The East Village has notoriously been New York’s counterculture epicenter. It has become synonymous with art, music, grit, and grunge: a good place to let your freak flag fly. It comes as no surprise, then, that this beloved East Village dive bar, built in 1835, was a haunt for people like Frank Sinatra, Allen Ginsberg, The Ramones, W. H. Auden, and legend has it, even Leon Trotsky. It closed its doors in 2012, but resurfaced in the spring of 2015, new and improved and ready to welcome a new generation of creatives over its dimly lit threshold. Pirate Booty’s founder Robert Ehrlich and La Palapa owner Barbara Sibley teamed up to restore the old neighborhood staple. They cleaned the place up, but still aimed to keep some of the grungy charm that kept people coming back; A mural dating back to the 1920s still remains, as well as a wooden phone booth and classic horseshoe bar. Holiday Cocktail Lounge has all the eccentricity of the East Village that people have come to expect from time-honored St Marks Place establishments with just a touch of contemporary chic.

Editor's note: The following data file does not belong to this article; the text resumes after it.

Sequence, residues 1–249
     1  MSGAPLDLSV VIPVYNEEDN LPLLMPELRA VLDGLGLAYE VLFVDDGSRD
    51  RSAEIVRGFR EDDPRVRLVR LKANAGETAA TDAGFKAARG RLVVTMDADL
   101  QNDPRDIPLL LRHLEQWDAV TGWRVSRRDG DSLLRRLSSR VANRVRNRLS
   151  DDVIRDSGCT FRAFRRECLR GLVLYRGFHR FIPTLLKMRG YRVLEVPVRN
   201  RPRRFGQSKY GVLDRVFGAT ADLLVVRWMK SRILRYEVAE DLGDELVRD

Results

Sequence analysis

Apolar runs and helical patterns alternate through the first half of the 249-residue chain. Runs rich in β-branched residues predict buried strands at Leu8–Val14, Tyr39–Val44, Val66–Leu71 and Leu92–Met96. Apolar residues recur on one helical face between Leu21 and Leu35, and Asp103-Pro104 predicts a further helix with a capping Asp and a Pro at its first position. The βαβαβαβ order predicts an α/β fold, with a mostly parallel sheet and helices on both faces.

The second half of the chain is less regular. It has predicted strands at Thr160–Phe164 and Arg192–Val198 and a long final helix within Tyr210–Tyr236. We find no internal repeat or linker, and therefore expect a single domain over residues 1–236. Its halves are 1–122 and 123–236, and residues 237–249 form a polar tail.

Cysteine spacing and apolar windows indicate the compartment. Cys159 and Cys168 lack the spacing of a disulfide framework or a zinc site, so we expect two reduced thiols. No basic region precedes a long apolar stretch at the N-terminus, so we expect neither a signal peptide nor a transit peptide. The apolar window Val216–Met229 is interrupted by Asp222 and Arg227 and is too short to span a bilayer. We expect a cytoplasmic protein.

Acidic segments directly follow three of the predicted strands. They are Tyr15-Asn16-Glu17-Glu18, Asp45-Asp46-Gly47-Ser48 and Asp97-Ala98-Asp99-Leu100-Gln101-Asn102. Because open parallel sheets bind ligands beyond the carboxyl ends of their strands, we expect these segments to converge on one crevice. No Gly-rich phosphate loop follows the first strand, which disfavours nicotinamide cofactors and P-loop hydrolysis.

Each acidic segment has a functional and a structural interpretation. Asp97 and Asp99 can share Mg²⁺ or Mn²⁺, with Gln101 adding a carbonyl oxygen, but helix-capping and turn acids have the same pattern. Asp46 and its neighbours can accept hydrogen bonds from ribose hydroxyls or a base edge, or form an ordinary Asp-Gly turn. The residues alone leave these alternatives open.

Serving an interesting but decadent assortment of coffees, hot cakes, desserts, Japanese tapas, sandwiches, pasta, and more, Hi-Collar functions as many things. In the morning the atmosphere is subdued and relaxed like a coffee shop, as customers come to enjoy “kissaten” – a term to describe Japanese-style coffee shops. The lady we spoke to at Hi-Collar told us their coffee selection is extensive and that there are a variety of beans to choose from. Not only is there the opportunity to select the bean varietal, but one can also choose how the coffee is made as well: pour over, aeropress, or siphon—each method drawing out a distinct flavor. For the non-coffee drinker, there are teas and even a fruit milkshake. As the afternoon wears on and evening approaches, Hi-Collar becomes a bar complete with wine, sake, and beer. Inquiring about the name, we found that Hi-Collar is in fact a term that came to be during the Japanese Jazz Age, when Western culture infiltrated Japan and many men were seen wearing Western style high collars. The only seating available is at the long bar, and the beautiful flowers and lamps that hang from the ceiling add to the allure of this multifaceted nook on 10th.